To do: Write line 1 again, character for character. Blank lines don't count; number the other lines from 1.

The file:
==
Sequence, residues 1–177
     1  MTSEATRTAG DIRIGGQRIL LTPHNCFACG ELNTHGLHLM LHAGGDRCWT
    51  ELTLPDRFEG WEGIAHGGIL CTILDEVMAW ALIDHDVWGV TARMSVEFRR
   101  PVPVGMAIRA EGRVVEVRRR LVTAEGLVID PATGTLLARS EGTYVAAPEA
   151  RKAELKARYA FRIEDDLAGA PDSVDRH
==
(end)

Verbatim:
Sequence, residues 1–177